Perspectives of innovative approaches in seismic hazard evaluation

Category Tectonic & Seismotectonic
Group GSI.IR
Location 4th internetional Conference on Seismology
Holding Date 11 March 2008
General:
     A proper evaluation of the seismic hazard, and of the seismic ground motion due to an earthquake, can be accomplished by following a scenario-based deterministic a pproach in view of the limited seismological data with a complementary check based on both probabilistic and empirical procedures. The definition of realistic seismic input can be obtained from the computation of a wide set of time histories and spectral information
corresponding to possible seismotectonic scenarios for different source and structural models.
The realistic modelling of the ground motion is a very important base of knowledge for the preparation of groundshaking scenarios that represent a valid and economic tool for the seismic microzonation. This Knowledge can be very fruitfully used by civil engineers in the design of new earthquake-resistant constructions and in the reinforcement of the existing built environment, and, therefore, supply a particularly powerful tool for the prevention aspects of Civil Defense. Where the numerical modelling is successfully compared with records, the synthetic seismograms permit the microzonmg, based upon a set of possible scenano earthquakes. Where no recordings are available the synthetic signals can be used to estimate the ground motion without having to wait for a strong earthquake to occur (pre-disaster microzonation). In both cases die use of modelling is necessary since the so-called local site effects can be strongly dependent upon the propertIes of the seismic source and can be properly defined only by means of envelopes. In fact, several techniques that have been proposed to empirically estimate the site effects using observations convolved with theoretically computed signals corresponding to simplified models, supply reliable information about the site response to non-interfering seismic phases, but they are not adequate in most of the real cases, when the seismic sequel is formed by several interfering waves.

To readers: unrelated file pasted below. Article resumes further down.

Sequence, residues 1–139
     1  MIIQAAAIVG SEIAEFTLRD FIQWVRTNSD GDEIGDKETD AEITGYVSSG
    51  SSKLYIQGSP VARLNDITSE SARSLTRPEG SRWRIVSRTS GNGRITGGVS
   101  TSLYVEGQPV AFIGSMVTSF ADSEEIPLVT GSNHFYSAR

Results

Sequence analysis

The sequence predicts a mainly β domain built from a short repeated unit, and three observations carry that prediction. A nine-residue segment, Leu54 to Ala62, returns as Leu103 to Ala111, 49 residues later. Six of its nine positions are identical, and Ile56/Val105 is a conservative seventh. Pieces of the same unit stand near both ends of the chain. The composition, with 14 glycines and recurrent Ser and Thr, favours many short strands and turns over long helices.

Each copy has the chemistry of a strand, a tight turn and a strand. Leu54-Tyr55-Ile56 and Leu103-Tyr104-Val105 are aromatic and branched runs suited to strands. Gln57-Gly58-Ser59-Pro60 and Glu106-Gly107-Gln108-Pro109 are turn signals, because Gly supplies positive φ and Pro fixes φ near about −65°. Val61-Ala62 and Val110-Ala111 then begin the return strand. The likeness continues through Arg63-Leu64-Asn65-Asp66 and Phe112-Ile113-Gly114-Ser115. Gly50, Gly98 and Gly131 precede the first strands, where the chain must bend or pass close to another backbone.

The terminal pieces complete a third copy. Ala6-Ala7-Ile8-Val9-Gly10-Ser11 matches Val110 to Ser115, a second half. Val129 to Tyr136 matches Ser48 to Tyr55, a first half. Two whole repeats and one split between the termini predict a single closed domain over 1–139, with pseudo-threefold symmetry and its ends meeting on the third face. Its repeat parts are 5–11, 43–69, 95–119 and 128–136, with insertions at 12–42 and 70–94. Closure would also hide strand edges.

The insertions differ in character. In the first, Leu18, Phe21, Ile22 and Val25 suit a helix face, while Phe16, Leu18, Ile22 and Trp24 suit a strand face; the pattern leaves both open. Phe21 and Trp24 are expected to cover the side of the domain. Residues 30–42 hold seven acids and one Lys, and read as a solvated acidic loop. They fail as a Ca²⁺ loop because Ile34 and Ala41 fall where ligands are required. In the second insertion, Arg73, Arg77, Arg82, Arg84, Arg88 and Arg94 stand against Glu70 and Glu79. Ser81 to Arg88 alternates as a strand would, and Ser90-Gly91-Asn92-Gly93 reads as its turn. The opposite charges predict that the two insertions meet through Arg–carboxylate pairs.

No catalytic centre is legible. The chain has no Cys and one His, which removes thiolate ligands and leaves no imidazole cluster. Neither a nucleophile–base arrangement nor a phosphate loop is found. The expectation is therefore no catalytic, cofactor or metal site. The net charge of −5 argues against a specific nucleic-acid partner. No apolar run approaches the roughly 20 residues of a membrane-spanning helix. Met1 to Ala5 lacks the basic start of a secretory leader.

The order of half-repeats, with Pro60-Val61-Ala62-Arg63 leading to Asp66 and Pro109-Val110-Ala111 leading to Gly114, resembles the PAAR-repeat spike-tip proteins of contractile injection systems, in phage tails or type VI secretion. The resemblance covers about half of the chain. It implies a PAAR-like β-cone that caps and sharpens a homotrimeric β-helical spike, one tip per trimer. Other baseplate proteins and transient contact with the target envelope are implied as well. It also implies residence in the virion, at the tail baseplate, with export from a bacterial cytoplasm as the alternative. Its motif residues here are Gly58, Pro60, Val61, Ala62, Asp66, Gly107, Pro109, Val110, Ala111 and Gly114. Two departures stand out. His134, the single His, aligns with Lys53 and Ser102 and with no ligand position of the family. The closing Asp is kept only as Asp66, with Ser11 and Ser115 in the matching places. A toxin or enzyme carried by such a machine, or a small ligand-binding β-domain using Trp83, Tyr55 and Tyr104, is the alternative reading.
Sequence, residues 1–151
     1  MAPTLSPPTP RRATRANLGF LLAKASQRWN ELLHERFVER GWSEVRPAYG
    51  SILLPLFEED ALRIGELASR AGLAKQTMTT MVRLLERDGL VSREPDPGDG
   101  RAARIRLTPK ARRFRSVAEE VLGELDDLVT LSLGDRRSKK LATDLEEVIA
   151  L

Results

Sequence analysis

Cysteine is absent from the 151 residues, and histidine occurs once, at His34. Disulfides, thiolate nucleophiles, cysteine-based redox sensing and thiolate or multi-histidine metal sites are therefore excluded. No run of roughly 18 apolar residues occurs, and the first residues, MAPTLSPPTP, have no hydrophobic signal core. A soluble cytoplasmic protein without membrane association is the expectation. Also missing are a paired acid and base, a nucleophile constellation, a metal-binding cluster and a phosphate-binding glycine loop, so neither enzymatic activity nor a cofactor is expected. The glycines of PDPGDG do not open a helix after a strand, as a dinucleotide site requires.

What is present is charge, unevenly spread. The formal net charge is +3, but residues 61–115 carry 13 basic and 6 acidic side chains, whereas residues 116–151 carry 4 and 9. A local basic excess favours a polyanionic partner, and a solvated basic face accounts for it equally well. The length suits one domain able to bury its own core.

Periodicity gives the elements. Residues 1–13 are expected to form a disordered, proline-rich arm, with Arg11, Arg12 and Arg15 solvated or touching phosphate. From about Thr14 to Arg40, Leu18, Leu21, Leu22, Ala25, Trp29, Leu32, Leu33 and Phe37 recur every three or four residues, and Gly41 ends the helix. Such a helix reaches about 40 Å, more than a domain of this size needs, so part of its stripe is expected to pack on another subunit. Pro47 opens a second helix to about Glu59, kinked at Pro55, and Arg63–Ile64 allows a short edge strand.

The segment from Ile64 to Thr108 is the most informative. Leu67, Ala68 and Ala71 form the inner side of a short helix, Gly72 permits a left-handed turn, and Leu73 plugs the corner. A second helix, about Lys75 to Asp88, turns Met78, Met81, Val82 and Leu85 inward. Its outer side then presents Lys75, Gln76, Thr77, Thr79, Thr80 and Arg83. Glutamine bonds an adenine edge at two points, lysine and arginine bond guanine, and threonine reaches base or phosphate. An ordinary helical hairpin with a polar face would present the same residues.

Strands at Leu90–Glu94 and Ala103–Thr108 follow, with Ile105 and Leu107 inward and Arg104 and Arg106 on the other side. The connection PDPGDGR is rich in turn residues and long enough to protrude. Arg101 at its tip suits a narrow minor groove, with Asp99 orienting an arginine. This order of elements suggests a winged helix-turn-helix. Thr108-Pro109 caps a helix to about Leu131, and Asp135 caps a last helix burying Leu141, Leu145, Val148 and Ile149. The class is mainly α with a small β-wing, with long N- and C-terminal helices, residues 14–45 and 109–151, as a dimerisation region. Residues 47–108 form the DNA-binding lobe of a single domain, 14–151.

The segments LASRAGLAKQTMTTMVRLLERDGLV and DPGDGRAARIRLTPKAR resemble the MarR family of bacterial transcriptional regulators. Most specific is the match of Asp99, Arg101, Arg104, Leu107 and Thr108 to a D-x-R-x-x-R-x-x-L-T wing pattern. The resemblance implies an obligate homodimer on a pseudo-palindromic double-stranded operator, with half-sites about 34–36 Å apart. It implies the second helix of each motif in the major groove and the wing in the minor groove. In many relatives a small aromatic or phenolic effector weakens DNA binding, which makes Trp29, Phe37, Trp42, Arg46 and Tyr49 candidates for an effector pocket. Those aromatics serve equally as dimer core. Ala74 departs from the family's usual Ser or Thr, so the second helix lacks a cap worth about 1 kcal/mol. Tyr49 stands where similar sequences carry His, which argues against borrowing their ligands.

The skill of seismology to estimate realistic ground motions at a particular site should be fully exploited by seismic engineers. In fact, even if recently strong motion records in near-fau1t, soft soil, or basin conditions have been obtained, their number is still very limited to be statistically significant for seismic engineering applications. The quantification of the critical ground motion expected at a particular sIte requires the illentification of the parameters that characterize the severity. and the damage potential. Such critical ground motion can be identified in terms of energy and displacement demands - the latter particularly relevant for seismic isolation which should be evaluated by considering the selsmological, geological, and topographic factors affecting them.

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